Home page Alert Sierra Club Books Committee Members Meetings Membership Minutes Newsletter Related Sites Volunteer Contact Us

Big Bend Regional Sierra Club Regular Public Meeting Dec 15, 2006

Minutes of Big Bend Regional Sierra Club, Dec 15, 2006

The November meeting of the Big Bend Regional Sierra Club attracted a large crowd to hear Dr. Martin Terry, a botany professor at Sul Ross State University, speak about psychoactive and ceremonial plants of the TransPecos region. Dr. Terry, who has degrees from Harvard Unversity and Texas A&M, is both a graduate and undergraduate adviser as well as botany and zipzip lecturer at Sul Ross. He has investigated archeological sites in West Texas and in Coahuila, Mexico, and his research was recently published in the Journal of Archeological Science.

Armed with slides to show what the plants look like, Dr. Terry began his presentation with plants that are not native to the Big Bend area, but are nonetheless among the most numerous psychoactive plants here - jimsonweed, thornapple and the trumpet flower. All have their petals fused into a single long corolla, and the seed capsules are spiny projections. These plants, of which two lavender-flowering specimen are the datura wrightii and datura quercifolia, contain belladonna alkaloids that inhibit the neurotransmitter acetylcholine and are very toxic if at high enough doses and produce an experience 'generally deemed aversive,' he said.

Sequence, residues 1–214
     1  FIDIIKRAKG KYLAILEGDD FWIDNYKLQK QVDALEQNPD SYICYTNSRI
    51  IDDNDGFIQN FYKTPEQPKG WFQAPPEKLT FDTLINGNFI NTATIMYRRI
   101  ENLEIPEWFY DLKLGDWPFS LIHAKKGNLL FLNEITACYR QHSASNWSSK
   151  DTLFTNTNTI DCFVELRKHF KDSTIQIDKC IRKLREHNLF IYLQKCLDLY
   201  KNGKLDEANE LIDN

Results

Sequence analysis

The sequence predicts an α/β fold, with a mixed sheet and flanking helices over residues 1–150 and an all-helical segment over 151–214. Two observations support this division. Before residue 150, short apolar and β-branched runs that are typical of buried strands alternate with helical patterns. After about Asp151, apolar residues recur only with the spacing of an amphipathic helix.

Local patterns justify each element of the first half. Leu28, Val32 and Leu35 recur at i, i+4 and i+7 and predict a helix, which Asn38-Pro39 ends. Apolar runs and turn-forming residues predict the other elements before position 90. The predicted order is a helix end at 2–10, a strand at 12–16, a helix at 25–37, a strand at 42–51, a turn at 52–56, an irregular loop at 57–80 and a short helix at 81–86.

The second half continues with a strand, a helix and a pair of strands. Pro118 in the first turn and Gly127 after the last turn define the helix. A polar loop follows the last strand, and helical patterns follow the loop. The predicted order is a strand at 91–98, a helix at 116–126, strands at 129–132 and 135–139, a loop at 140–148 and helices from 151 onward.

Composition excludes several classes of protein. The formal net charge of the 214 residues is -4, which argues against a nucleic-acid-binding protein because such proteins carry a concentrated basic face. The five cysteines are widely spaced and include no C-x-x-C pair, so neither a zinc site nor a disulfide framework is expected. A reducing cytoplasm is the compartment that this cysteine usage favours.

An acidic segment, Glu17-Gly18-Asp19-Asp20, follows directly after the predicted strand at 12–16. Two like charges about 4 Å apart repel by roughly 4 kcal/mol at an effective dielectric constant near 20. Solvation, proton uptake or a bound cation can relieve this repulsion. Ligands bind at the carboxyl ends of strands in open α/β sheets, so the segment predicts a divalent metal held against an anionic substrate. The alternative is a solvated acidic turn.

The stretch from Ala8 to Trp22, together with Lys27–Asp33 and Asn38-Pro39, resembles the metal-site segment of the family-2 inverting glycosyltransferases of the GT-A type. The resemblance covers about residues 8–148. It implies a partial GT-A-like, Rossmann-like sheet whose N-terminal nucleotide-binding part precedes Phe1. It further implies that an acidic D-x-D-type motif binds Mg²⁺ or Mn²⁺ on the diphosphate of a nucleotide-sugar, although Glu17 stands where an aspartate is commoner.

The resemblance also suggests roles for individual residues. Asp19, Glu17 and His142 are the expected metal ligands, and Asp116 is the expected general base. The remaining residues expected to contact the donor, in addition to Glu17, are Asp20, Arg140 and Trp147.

A person intoxicated by the plant would be 'red as a beet, hot as a hare, dry as a bone, blind as a bat and mad as a hatter," he said. The belladonna blocks both the salivary and sweat secretions, paralyzes the internal muscles of the eye and completely incapacitates the central nervous system.

He said Jimsonweed was given its name from an outbreak of the poisoning in the early colony of Jamestown, Virginia, when soldiers 'were out of whack for a week.'

'This is a true hallucinogen,' Dr. Terry explained, 'these are nasty things people won't do it again if they've done it once."

The datura plants found in the Big Bend area are closely related to tree daturs of Central and South America, which have flowers that hang vertically, and survive to the southern suburbs of Los Angeles. Teenagers there refer to the plants as "hell's bells," he said, adding that any part of the plant can produce a hallucinogenic experience, but the seeds are the most toxic.

Nicotiana gluca, which grows in Big Bend National Park, is kin to tobacco but does not have much nicotine. A similar plant is nicotiana trigonophylla which has the same alkaloids, and the domesticated tobacco. Nicotine, he pointed out, is 'one of the most addictive drugs know.' Solanaceae, nicotine and related alkaloids, he said, cause initial stimulation, then depression of the nervous system. In its pure form it is an extremely potent toxin, he said.